The success or failure of the census all lies in the planning

Posted by on 28th August 2019

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Unto whom much is given, much is expected. This aptly applies to Dr Fred Matiang’i, a man on whose shoulders many responsibilities have been placed.   It is no surprise that all eyes are on him during the census,  an activity that takes place once every decade to ascertain how many Kenyans exist. This one, however, could possibly be the most controversial coming at a time when the mood is rife with referendum and 2022 succession talks and a citizentry weary of any government efforts to harvest personal data. That’s besides the stringent last minute measures that were put in place by the ‘Super CS’ in an effort to capture every single Kenyan in the count. A nationwide lockdown of bars and clubs aggrieved many revelers who complained of having lost on a weekend to unwind while most are yet to have a moment with enumerators doing rounds in every household.

This rushed move was symptomatic of poor planning by the government which would have been solved had there been extensive and prolonged civic engagement and sensitization. Had the Ministry of Interior and Coordination of National Planning used the communication arsenal employed during the Huduma Namba registration to educate the public on the census process, then perhaps the hostility that enumerators have been met with in some areas would not have been reported. While Dr Matiang’i was stamping his authority with the closure of bars he failed to factor in the complexities that come with conducting such an exercise during late hours. Not only did this move expose Kenyan homes to risks such as robbery but this put the enumerators in harm’s way. In an all too familiar move by the government, the ministry has just changed the working hours to 6am to 10 pm a little too late after this past weekend’s tainted exercise that saw an enumerator gang-raped.

Security matters aside, it is becoming evident that the training of enumerators wasn’t consistent across the board with several Kenyans reporting inconsistencies in the exercise. Some easily breezed through some questions that were considered mandatory while others approached some sensitive questions such as gender, based on their assumptions of one’s physical appearance. It not only waters down the landmark recognition of intersex persons but it means that the final data compiled might be inaccurate as not all intersex persons will be mapped out.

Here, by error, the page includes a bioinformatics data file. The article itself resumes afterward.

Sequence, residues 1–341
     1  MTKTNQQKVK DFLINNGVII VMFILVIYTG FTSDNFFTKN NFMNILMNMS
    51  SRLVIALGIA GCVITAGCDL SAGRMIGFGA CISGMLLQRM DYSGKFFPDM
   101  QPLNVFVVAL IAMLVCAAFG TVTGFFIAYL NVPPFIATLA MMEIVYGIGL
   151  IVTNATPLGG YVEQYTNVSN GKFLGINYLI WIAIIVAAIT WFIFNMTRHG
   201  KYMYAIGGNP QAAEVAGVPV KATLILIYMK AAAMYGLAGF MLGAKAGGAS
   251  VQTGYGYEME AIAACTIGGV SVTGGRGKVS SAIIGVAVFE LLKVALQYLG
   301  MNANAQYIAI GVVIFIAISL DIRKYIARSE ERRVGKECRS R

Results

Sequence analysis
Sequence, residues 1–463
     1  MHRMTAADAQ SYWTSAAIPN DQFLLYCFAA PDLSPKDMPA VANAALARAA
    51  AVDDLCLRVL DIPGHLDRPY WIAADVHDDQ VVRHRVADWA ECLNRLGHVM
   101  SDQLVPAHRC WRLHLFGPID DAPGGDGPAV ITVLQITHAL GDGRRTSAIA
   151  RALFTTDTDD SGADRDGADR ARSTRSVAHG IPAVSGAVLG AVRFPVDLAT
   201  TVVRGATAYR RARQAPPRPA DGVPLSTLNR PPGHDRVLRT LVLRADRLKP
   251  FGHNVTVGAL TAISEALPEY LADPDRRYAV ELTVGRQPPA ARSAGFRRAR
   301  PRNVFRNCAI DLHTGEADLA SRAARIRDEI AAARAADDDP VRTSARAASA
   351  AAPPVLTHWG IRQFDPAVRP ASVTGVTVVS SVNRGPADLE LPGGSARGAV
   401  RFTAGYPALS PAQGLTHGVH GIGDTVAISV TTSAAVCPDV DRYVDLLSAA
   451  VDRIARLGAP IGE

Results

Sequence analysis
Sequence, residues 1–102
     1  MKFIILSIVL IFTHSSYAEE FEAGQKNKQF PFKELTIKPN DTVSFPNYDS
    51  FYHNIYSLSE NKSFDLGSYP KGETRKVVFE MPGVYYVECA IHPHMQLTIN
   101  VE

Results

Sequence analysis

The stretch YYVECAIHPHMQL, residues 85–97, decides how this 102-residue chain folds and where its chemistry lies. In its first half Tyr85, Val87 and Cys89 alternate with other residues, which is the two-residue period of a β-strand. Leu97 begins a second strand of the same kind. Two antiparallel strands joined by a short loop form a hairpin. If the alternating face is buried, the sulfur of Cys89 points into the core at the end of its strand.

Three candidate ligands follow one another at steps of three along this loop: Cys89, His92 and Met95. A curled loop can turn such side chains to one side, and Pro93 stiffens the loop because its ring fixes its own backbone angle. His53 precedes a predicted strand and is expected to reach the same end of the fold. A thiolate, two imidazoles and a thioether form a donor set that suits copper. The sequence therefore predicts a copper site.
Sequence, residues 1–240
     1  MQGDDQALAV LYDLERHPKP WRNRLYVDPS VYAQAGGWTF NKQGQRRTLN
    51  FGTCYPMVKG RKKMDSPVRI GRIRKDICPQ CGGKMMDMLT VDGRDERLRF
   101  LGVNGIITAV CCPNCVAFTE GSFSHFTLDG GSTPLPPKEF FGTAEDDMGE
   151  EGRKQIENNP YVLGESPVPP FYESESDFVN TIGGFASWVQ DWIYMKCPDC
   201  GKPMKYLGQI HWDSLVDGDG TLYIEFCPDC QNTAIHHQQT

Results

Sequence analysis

Kenyans who’ve participated in previous censuses noted with a lot of caution that the ID requirement was new in the census raising concerns over this being a mass data collection exercise. Despite government spokesman Cyrus Oguna assuring Kenyans that the ID number will be done away with to achieve anonymity, Kenyans have every right to exercise caution since threats have preceded transparency in government processes in recent times. It is noteworthy that the question of one’s ID number doesn’t rank high up as crucial information in as far as planning is concerned. There were no questions on one’s proximity to a medical centre, a school, a tarmacked road, market centre, bus stop, chief and police station/post. Which means that without a proper heat map on the gaps in different regions, development equality will remain elusive.

Not to say that the Kenya Bureau of Statistics’ efforts will all go to waste. The question on one’s migration to another county will be a good issue for leaders to ruminate on. Reason being that most people move because they seek good education and jobs that may not be accessible in their counties of origin, meaning that leaders will have to put in extra effort to achieve and accelerate development in all fronts.

There’s a lot of insight to gain from this census but it’ll only prove to be useful if politicians choose to look at the bigger picture rather than the myopic route that only considers “numbers” to advance their political interests.

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